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Real Hero - Sgt. Monica Brown


SPC Brown displayed great courage in treating two wounded Soldiers while under intense small arms and mortar fire.


In 1991, when she was just three years old, Monica Brown's parents divorced, leaving her four-year-old brother, Justin, as the man of the house. Monica's mother worked night shifts as a nurse at local hospitals in Houston, Texas, and relied on her own mother to help with the kids. Life was never easy for the Browns, as they moved from town to town in search of a better nursing job. As a young girl, Monica was thinking ahead, dreaming of a secure future and a rewarding career. At times she wanted to be a lawyer, a veterinarian, even a paralegal, but she never thought she would work around heights or blood, her two biggest fears.

By the time Monica was twelve, she had already attended seven different schools. Monica also had a new little brother, Kristofer, whom she adored and helped care for. After her mother was injured in a serious car accident, "Mema," as her grandmother was affectionately called, moved in with the family and took over raising the three kids.

Monica loved being outdoors and soon started running. She also jumped at the chance to go to the beach or camping with friends. While Monica loved playing outside, her older brother loved his GI Joes. By the time he was 13, Justin had decided he wanted to be in the United States Army. A few years later, he took his love for "playing Soldier" one step further when he became an avid player of the America's Army computer game. He learned about Army Values and the Warrior Ethos by which each Soldier abides. The more he learned, the more certain he became that the Army was right for him.

Kopperl High School, near Waco, Texas, was Monica's ninth school in eleven years. While she easily made friends at all her stops, Monica was closest to her brother Justin. The years of looking out for each other had cemented their bond and they had become best friends. Monica, a self-professed "girly girl," played tennis, volleyball and softball, and even found time to be a cheerleader. But running was her passion, and she ran cross-country and track for the Kopperl Eagles.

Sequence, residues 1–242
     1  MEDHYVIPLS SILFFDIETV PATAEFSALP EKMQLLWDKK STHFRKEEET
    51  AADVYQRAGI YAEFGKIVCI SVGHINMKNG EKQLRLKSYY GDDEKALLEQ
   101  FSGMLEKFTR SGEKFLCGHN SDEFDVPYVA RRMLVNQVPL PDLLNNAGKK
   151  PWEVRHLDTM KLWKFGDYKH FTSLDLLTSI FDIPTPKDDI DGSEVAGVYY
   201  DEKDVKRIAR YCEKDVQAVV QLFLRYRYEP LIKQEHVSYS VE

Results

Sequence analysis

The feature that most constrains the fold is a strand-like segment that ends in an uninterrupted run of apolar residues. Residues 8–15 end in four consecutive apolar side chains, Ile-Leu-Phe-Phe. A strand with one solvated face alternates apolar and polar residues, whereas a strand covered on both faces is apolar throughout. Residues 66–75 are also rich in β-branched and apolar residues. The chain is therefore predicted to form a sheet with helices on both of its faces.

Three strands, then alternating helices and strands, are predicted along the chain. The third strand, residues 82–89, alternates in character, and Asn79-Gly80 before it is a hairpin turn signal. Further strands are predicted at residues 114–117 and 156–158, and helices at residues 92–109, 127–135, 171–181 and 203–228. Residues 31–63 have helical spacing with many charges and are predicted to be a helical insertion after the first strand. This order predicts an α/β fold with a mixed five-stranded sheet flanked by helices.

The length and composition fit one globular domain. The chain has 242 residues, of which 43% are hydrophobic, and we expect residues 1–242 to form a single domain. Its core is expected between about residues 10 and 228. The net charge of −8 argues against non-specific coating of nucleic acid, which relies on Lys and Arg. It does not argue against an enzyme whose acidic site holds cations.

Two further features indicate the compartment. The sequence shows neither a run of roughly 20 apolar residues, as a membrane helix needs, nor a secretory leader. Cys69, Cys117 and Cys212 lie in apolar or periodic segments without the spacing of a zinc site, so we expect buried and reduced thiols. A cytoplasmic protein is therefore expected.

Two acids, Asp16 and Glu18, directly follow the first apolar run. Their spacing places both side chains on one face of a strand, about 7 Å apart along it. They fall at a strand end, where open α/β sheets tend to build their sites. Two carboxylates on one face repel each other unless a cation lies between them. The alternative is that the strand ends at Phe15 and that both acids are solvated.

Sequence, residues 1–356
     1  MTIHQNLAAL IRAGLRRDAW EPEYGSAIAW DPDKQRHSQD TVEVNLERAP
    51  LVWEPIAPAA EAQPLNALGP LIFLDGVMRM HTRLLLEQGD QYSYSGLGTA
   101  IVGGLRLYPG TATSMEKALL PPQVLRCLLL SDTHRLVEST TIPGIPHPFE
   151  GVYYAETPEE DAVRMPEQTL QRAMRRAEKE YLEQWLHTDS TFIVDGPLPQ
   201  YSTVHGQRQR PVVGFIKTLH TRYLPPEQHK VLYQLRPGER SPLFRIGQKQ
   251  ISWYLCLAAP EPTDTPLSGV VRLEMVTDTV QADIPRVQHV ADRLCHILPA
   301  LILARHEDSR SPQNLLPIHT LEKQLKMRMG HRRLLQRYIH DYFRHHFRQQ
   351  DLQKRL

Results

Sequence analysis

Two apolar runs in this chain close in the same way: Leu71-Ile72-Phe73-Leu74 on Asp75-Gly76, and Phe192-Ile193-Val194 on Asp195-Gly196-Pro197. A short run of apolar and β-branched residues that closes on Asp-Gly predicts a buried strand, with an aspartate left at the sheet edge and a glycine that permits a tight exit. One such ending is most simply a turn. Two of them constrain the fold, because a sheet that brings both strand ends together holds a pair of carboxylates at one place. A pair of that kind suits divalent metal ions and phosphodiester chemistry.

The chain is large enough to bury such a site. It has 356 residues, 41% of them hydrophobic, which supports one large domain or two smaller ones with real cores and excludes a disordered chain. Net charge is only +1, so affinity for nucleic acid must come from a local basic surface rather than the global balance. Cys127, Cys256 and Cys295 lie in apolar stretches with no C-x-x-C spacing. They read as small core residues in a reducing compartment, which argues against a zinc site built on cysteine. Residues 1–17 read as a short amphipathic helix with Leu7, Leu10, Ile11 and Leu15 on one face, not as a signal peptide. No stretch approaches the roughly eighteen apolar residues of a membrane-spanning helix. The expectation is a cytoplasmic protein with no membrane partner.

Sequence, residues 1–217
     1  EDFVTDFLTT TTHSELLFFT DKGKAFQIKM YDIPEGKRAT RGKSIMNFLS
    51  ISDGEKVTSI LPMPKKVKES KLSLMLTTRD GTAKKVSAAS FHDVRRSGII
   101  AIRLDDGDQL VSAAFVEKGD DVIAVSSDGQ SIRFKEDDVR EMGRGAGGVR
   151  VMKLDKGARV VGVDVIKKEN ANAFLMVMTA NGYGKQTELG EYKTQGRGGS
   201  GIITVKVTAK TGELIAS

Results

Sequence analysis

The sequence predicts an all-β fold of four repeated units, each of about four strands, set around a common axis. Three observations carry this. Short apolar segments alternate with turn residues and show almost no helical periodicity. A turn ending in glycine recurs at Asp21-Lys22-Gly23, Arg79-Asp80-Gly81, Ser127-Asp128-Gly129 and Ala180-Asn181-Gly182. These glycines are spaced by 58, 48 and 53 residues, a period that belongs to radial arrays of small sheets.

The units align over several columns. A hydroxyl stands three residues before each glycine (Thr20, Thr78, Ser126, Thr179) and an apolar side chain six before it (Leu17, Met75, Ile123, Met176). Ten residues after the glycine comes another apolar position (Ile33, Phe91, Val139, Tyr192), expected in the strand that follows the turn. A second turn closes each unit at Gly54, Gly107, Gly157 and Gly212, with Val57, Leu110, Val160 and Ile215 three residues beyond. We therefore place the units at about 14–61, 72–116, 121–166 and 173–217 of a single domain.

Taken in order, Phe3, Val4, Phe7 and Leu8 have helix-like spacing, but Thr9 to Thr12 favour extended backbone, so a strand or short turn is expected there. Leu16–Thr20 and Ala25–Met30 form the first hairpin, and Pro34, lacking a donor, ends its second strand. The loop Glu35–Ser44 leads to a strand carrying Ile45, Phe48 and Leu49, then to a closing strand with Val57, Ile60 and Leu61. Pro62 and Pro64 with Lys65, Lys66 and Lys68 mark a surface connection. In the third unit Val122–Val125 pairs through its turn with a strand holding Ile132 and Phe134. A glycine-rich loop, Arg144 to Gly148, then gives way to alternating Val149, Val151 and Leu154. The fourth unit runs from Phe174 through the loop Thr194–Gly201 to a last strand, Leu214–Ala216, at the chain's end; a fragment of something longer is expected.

Running is like meditation for me. I can just think, without anyone talking to me.

While Justin was waiting for the day when he could become a Soldier, Monica decided to graduate from high school early in May of 2005. As the head of the X-ray and Sonogram department at a large hospital in the Houston area, an aunt had piqued Monica's interest in X-ray technology. To Monica, the job sounded rewarding-and bloodless. She had a plan: a career and stability. But throughout, Monica kept running. It had become part of her, and would ultimately serve her, and others, well.


After high school, Monica and Justin moved to Lake Jackson, Texas living near their father's mother, "Mamaw." In the fall of 2005, Justin joined the Army. It was all he ever talked about. He had already met with local Recruiters and turned in the paperwork. One afternoon, Monica decided to accompany Justin to the recruiting office. She had no intention of joining the Army. But while Justin was talking to his Recruiter, another Recruiter approached Monica and struck up a conversation.

So, what are you planning on doing with your career?" he asked. And I was like, 'Well, I want to apply for an X-ray technician program but I'll have to wait another year.'

To Monica's surprise, the Recruiter said the Army could offer her a career as an X-ray technician. With an attractive signing bonus and the opportunity to see the world, Monica suddenly became interested. Sensing a potential Recruit, the Soldier checked further and, unfortunately, found that the program was full for the year. But there was an opening for a "Health Care Specialist," known more commonly in the Army as a "68 Whiskey," or medic.

By the time she and Justin left the recruiting station that day, they had both enlisted, much to Monica's surprise. The Recruiters had been friendly and forthright and had told them both that chances were good that they would be deployed overseas to either Afghanistan or Iraq. But all Monica could think about as she chided Justin on their way home was why he had never told her about all the great benefits the Army offered.